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Am Heart J. 2015 Sep;170(3):498-505.e2. doi: 10.1016/j.ahj.2015.06.007. Epub 2015 Jun 14.

Associations of obesity and body fat distribution with incident atrial fibrillation in the biracial health aging and body composition cohort of older adults.

Author information

1
Department of Medicine, Boston Medical Center, Boston University, Boston, MA.
2
Data Coordinating Center, Boston University School of Public Health, Boston, MA.
3
Intramural Research Program, National Institute on Aging, National Institutes of Health, Bethesda, MD.
4
Cardiology Section, Whitaker Cardiovascular Institute, Evans Department of Medicine, Boston University School of Medicine, Boston, MA; National Heart Lung and Blood Institute's and Boston University's Framingham Heart Study, Framingham, MA; Department of Epidemiology, Boston University School of Public Health, Boston, MA.
5
Electrophysiology Section, Division of Cardiology, University of California, San Francisco, CA.
6
Department of Epidemiology, Graduate School of Public Health, University of Pittsburgh, Pittsburgh, PA.
7
Department of General Internal Medicine, Inselspital, Bern University Hospital, Bern, Switzerland.
8
Department of Preventive Medicine, University of Tennessee Health Science Center, Memphis, TN.
9
Cardiology Section, Whitaker Cardiovascular Institute, Evans Department of Medicine, Boston University School of Medicine, Boston, MA; National Heart Lung and Blood Institute's and Boston University's Framingham Heart Study, Framingham, MA. Electronic address: jmagnani@bu.edu.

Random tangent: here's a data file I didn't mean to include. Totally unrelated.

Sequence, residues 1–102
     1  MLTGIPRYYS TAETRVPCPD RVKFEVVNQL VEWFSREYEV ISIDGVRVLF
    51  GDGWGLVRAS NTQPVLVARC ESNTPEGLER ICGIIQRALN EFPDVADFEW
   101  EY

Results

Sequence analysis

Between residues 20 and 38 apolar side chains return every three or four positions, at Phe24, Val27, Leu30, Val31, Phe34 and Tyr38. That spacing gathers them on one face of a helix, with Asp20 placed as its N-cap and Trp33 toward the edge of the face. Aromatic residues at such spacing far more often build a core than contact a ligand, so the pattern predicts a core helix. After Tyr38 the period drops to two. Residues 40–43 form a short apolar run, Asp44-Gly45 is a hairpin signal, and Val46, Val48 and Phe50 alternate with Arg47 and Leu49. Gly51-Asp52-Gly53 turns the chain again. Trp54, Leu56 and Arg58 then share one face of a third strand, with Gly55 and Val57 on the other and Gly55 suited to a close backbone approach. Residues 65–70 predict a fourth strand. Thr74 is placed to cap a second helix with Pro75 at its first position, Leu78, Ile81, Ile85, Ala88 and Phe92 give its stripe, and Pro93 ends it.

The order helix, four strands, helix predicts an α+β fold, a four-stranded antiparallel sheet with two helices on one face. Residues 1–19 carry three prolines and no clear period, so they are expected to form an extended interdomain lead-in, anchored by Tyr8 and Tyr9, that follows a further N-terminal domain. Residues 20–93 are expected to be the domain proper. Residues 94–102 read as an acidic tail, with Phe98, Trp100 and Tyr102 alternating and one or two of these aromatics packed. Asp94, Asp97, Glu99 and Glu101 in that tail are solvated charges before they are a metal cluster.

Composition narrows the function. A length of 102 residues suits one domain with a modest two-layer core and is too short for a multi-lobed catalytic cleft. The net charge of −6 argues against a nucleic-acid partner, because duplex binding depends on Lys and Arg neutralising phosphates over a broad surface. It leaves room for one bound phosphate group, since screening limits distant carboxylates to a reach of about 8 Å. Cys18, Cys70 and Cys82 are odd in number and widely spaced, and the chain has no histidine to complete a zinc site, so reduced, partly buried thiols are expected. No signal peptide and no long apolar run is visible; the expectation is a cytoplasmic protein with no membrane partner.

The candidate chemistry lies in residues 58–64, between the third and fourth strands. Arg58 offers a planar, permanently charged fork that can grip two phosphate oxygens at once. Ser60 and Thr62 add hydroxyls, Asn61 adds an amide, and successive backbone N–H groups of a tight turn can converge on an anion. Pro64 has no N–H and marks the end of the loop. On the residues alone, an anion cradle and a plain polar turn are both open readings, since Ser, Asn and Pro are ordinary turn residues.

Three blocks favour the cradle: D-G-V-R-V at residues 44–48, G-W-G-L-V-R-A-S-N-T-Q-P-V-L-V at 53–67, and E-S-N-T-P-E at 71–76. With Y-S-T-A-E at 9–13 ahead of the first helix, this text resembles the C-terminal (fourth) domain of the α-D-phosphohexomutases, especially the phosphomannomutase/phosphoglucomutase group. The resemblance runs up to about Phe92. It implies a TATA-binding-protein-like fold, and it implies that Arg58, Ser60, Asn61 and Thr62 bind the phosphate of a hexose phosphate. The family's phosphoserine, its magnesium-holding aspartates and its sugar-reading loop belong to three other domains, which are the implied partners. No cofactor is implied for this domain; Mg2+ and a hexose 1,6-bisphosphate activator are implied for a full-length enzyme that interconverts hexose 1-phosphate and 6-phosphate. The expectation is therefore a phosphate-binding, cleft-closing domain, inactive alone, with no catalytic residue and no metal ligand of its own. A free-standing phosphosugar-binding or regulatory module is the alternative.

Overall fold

Abstract

Obesity is a well-recognized risk factor for atrial fibrillation (AF), yet adiposity measures other than body mass index (BMI) have had limited assessment in relation to AF risk. We examined the associations of adiposity measures with AF in a biracial cohort of older adults. Given established racial differences in obesity and AF, we assessed for differences by black and white race in relating adiposity and AF.

METHODS:

We analyzed data from 2,717 participants of the Health, Aging, and Body Composition Study. Adiposity measures were BMI, abdominal circumference, subcutaneous and visceral fat area, and total and percent fat mass. We determined the associations between the adiposity measures and 10-year incidence of AF using Cox proportional hazards models and assessed for their racial differences in these estimates.

RESULTS:

In multivariable-adjusted models, 1-SD increases in BMI, abdominal circumference, and total fat mass were associated with a 13% to 16% increased AF risk (hazard ratio [HR] 1.14, 95% CI 1.02-1.28; HR 1.16, 95% CI 1.04-1.28; and HR 1.13, 95% CI 1.002-1.27). Subcutaneous and visceral fat areas were not significantly associated with incident AF. We did not identify racial differences in the associations between the adiposity measures and AF.

CONCLUSION:

Body mass index, abdominal circumference, and total fat mass are associated with risk of AF for 10years among white and black older adults. Obesity is one of a limited number of modifiable risk factors for AF; future studies are essential to evaluate how obesity reduction can modify the incidence of AF.

PMID:
26385033
PMCID:
PMC4575766
DOI:
10.1016/j.ahj.2015.06.007
[Indexed for MEDLINE]
Free PMC Article

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